So Brown's husband is a wartime spinmeister, education reformer, AND a Wall Street hedge fund guy? How did I miss that?!?

And who is Paul SInger, the guy who was able to lure Senor away from the investment firm he co-founded?

Paul Singer
"Singer is the big power broker in the Republican financial world," says one operative who knows him. "He's involved with almost everything." Fortune described him as "a passionate defender of the 1%." In practical terms, notes one conservative donor, "if you write checks as big as Singer's, you can be close to anyone." (emphasis mine)
Mr. Singer is perhaps best known for the fight he put up — and the money he made — in his battle over Peruvian debt. In 1996, he paid $11.4 million for $20 million worth of discounted, government-backed Peruvian bank debt. Then, rather than joining with 180 other Peruvian creditors who agreed to a plan using bonds to forgive some of the impoverished country’s debt, Mr. Singer held out for bigger payments. 
He battled in the courts. At one point he hired an Albany lobbying firm and got New York State to change an obscure law to strengthen his position. When the dust had settled, Mr. Singer ended up getting $58 million for his Peruvian investment. 
Groups advocating debt relief — and higher-profile people like Bono — criticize such transactions, maintaining that they force poor countries to divert money from social and economic programs in order to pay back investors. The International Monetary Fund, where a top official once labeled Mr. Singer’s firm a “vulture company,” issued a report recently saying that such funds present a “major challenge” to the success of debt-relief programs in poor countries. (emphasis mine)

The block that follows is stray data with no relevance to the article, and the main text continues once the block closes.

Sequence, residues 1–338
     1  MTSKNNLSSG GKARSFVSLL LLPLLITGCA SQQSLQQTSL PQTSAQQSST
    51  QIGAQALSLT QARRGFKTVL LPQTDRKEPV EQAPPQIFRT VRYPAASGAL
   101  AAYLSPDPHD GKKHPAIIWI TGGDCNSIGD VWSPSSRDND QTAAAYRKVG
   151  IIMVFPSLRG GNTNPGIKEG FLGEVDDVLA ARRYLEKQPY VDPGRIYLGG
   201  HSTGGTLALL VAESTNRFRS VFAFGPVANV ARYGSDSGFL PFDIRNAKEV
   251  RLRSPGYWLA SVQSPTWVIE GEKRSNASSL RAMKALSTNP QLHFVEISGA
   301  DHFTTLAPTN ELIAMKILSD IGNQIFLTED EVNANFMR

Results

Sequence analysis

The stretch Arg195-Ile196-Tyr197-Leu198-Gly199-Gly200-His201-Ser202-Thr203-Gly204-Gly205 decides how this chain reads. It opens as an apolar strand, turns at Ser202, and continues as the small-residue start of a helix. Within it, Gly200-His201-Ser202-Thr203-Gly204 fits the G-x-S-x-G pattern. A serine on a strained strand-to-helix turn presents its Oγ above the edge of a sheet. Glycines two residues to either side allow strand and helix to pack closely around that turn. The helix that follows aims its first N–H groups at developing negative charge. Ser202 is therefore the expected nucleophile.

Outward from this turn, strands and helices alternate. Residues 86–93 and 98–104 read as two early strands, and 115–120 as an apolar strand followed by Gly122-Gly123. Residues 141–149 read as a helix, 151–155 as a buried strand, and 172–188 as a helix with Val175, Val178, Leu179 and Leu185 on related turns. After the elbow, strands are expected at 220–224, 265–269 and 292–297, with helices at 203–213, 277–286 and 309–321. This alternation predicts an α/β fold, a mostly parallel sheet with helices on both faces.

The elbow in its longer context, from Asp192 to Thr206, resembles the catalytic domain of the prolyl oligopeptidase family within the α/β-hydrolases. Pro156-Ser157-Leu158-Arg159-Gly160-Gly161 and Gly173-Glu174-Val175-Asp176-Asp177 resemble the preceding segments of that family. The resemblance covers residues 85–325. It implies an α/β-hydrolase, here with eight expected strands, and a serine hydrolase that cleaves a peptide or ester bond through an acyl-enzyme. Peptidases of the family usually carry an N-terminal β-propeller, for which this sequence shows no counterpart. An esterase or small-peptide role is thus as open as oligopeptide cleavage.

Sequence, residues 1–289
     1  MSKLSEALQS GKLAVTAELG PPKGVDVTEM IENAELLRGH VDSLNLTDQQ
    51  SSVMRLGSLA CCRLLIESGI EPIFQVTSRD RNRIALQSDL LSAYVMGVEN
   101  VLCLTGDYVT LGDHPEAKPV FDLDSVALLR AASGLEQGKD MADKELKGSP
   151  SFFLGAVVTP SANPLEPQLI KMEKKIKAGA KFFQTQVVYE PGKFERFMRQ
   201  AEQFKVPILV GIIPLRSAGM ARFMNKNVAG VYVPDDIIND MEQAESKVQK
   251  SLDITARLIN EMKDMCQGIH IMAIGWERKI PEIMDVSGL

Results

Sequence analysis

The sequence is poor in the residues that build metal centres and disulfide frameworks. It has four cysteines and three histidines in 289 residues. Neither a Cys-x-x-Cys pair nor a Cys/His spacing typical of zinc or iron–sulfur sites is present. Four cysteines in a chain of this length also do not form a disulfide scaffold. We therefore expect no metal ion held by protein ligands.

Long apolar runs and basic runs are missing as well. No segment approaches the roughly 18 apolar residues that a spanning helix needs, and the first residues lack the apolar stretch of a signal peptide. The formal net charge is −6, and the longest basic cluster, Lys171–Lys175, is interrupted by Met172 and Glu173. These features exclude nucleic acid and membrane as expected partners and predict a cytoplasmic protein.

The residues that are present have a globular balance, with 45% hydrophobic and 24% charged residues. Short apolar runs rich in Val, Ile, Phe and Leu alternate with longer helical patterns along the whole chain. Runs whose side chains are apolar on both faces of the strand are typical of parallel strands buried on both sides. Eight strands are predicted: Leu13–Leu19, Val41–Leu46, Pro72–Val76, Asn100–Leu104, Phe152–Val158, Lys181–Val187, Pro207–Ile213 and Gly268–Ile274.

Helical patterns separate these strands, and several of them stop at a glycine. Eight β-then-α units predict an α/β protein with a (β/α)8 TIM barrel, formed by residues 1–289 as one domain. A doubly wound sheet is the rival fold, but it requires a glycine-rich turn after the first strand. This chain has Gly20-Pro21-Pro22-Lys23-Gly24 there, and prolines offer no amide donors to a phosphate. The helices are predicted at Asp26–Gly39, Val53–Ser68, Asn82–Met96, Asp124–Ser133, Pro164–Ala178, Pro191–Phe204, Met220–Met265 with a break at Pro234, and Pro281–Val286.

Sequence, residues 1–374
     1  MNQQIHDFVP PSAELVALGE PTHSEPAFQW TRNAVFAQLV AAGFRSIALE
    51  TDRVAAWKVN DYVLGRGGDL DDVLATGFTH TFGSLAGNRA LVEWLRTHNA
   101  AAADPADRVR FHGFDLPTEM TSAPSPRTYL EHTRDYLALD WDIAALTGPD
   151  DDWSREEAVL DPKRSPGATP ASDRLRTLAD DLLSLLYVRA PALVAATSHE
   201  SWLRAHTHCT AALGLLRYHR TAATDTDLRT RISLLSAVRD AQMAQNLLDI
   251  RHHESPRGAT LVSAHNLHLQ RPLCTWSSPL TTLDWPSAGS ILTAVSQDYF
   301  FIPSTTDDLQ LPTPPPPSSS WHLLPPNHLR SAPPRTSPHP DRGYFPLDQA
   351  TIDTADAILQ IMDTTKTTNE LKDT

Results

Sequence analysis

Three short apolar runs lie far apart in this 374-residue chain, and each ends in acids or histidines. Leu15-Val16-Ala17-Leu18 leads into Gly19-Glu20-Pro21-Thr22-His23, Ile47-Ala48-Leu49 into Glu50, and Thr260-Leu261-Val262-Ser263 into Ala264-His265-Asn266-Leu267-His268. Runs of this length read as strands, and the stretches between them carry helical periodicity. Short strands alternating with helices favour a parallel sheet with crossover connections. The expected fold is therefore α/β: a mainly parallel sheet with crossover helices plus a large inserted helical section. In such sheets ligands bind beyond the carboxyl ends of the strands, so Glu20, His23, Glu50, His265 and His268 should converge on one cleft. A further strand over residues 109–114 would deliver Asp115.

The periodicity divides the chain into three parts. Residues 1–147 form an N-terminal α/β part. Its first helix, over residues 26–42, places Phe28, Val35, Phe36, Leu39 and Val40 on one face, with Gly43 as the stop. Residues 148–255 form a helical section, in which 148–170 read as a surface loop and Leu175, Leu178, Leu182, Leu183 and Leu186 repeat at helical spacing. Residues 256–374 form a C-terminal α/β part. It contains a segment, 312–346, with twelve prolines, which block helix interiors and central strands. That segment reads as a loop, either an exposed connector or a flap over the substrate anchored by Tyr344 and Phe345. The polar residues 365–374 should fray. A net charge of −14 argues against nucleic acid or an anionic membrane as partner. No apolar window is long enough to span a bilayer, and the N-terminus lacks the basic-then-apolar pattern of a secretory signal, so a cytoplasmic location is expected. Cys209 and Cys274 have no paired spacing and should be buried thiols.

Excuse me, but HOLY S%&*!! 

Reading about Singer's practices in poor, distressed countries around the world is horrific. This is from truthout and Democracy Now!.
You know, right now what’s happening in this particular case is now these vulture funds have been equipped with an instrument that’s going to force poor countries, like the Ivory Coast and Zambia, into submission. So it’s a very powerful precedent that will be impacting the one-out-of-five people that live in extreme poverty around the world.
AMY GOODMAN: Can you talk, Eric LeCompte, very quickly, in 30 seconds, about Paul Singer, who is the head of the parent company of NML?
ERIC LECOMPTE: So, essentially, he’s the person that’s developed this predatory behavior, that goes after assets in poor countries that essentially belong to vulnerable communities. He’s the person that leads several firms that are these predatory hedge funds which engage in this exploitative, extreme behavior. And he’s popularized, essentially, this kind of investor action around the world. And right now the World Bank notes that there are about a hundred companies that follow, essentially, the leadership that Paul Singer has laid out in terms of this behavior.